Friday, February 9, 2018
C. Scott Hemphill, New York University School of Law and Phil Weiser, University of Colorado Law School are Bringing Reality to the Law of Predatory Pricing.
ABSTRACT: In Brooke Group, the Supreme Court set out two tests that a predatory pricing plaintiff must satisfy, and asserted in dicta that successful predation is implausible. In this essay, we offer both a critique of Brooke Group and a roadmap for adapting its framework to modern predation claims. We also make the case against extending this framework to more complex pricing strategies like loyalty discounts that lack the procompetitive potential of a simple price cut.
Under the Court’s framework, a predatory pricing plaintiff must show that the defendant both set a price below cost and had a sufficient likelihood of recouping its investment in predation. This approach, which was adopted by the Court without a contested presentation of its merits, suffers from multiple flaws. The dicta are limited by the particular factual setting of the case, nonconspiratorial oligopoly, and rooted in the unusual reweighing of the evidence undertaken in Justice Kennedy’s opinion for the Court. As we explain, drawing on the papers of Justice Harry Blackmun, this fact-bound approach was not the Court’s initial plan, but Justice Kennedy switched his vote.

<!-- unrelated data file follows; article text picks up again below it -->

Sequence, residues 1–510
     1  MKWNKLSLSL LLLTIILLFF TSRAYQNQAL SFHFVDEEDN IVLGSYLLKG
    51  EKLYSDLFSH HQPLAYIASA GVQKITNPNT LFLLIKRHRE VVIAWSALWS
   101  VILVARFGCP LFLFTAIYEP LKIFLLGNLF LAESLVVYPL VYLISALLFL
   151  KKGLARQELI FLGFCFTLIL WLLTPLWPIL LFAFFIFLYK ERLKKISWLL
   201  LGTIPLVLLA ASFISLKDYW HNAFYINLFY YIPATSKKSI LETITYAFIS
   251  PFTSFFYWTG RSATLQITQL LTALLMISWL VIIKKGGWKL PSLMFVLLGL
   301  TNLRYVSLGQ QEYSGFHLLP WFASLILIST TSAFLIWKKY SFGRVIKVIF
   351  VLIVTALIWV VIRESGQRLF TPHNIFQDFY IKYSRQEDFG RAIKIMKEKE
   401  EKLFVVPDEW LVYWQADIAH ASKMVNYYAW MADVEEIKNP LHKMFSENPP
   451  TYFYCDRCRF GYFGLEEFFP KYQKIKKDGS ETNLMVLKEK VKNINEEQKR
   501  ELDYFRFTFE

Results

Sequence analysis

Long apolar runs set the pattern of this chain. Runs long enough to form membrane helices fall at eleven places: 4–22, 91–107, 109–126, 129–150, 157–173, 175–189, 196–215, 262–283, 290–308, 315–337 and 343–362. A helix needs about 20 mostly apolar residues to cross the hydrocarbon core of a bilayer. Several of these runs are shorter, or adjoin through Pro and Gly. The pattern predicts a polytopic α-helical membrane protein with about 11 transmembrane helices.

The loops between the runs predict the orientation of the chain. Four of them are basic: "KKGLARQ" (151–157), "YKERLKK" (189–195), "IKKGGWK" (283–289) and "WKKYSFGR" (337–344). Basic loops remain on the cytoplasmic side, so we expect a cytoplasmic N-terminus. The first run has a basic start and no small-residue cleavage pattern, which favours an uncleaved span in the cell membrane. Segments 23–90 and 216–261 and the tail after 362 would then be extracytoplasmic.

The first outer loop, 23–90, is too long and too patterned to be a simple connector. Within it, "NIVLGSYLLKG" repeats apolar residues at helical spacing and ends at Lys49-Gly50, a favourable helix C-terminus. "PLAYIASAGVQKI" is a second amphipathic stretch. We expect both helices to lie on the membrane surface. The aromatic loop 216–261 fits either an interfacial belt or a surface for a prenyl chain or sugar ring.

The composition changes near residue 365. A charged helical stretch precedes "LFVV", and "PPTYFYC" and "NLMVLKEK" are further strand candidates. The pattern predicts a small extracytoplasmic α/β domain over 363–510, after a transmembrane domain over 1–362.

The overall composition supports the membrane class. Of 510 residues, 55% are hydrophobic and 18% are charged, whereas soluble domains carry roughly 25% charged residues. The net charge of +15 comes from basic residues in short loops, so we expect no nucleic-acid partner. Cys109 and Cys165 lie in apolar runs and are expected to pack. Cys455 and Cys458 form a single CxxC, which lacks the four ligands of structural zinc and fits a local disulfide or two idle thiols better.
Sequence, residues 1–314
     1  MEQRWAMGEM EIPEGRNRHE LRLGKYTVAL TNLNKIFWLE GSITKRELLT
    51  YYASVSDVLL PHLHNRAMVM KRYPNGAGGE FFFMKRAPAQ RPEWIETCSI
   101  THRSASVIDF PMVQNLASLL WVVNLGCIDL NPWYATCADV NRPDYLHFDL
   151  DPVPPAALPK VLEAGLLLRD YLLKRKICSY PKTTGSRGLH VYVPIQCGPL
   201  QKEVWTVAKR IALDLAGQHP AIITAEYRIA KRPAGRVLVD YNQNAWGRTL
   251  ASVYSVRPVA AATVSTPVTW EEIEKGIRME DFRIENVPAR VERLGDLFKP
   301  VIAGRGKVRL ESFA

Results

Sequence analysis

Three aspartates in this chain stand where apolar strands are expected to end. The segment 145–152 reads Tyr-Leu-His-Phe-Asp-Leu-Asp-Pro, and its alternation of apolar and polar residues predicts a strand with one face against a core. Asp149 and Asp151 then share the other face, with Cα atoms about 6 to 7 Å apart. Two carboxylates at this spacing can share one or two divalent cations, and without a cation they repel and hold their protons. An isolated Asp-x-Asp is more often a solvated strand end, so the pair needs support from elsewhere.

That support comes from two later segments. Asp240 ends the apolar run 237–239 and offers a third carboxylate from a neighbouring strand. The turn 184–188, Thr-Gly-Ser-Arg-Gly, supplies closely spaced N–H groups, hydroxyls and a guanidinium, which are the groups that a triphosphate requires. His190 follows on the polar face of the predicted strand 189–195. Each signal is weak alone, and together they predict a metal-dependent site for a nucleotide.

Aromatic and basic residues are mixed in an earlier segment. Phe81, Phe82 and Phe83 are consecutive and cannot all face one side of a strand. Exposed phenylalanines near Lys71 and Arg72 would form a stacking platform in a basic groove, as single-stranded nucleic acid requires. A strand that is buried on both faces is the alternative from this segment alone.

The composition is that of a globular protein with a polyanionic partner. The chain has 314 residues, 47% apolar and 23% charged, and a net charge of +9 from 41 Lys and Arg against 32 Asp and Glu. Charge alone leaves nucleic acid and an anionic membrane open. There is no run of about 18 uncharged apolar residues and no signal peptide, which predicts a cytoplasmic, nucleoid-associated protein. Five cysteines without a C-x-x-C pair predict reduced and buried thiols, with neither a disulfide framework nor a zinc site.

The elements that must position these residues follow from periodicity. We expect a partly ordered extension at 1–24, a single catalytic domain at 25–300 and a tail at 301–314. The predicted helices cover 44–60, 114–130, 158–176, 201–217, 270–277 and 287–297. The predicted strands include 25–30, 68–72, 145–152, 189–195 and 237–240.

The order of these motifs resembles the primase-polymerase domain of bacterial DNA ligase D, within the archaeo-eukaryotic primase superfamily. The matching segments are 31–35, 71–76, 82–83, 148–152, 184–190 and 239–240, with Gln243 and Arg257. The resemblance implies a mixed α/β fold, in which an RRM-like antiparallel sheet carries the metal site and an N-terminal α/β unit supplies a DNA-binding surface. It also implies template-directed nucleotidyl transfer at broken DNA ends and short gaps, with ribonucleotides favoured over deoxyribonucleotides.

Our main point is that the Brooke Group framework is adaptable to real-world predation cases. The price-cost test accommodates the use of incremental cost measures (instead of average variable cost) and, to a lesser extent, incremental revenue. A court may evaluate recoupment, without accepting the Court’s skeptical dicta, where the plaintiff presents facts (such as monopoly) or an economic theory of recoupment (such as the development of a reputation for predation) that differ from those considered in Brooke Group. We illustrate these sources of flexibility by reference to recent airline predation cases.